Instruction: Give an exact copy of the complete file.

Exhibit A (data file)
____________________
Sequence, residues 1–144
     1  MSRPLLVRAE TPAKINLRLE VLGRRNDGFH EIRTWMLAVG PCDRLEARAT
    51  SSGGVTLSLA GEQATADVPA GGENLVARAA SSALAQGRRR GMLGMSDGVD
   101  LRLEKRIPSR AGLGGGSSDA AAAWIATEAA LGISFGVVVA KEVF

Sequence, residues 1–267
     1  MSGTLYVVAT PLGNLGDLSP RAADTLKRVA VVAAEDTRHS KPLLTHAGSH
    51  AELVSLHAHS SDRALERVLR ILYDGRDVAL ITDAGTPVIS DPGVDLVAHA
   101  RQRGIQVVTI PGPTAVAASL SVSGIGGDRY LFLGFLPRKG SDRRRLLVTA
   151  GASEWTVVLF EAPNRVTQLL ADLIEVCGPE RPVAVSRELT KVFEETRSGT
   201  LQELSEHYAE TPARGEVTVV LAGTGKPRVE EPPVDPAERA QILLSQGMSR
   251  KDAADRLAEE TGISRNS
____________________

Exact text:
Sequence, residues 1–144
     1  MSRPLLVRAE TPAKINLRLE VLGRRNDGFH EIRTWMLAVG PCDRLEARAT
    51  SSGGVTLSLA GEQATADVPA GGENLVARAA SSALAQGRRR GMLGMSDGVD
   101  LRLEKRIPSR AGLGGGSSDA AAAWIATEAA LGISFGVVVA KEVF

Sequence, residues 1–267
     1  MSGTLYVVAT PLGNLGDLSP RAADTLKRVA VVAAEDTRHS KPLLTHAGSH
    51  AELVSLHAHS SDRALERVLR ILYDGRDVAL ITDAGTPVIS DPGVDLVAHA
   101  RQRGIQVVTI PGPTAVAASL SVSGIGGDRY LFLGFLPRKG SDRRRLLVTA
   151  GASEWTVVLF EAPNRVTQLL ADLIEVCGPE RPVAVSRELT KVFEETRSGT
   201  LQELSEHYAE TPARGEVTVV LAGTGKPRVE EPPVDPAERA QILLSQGMSR
   251  KDAADRLAEE TGISRNS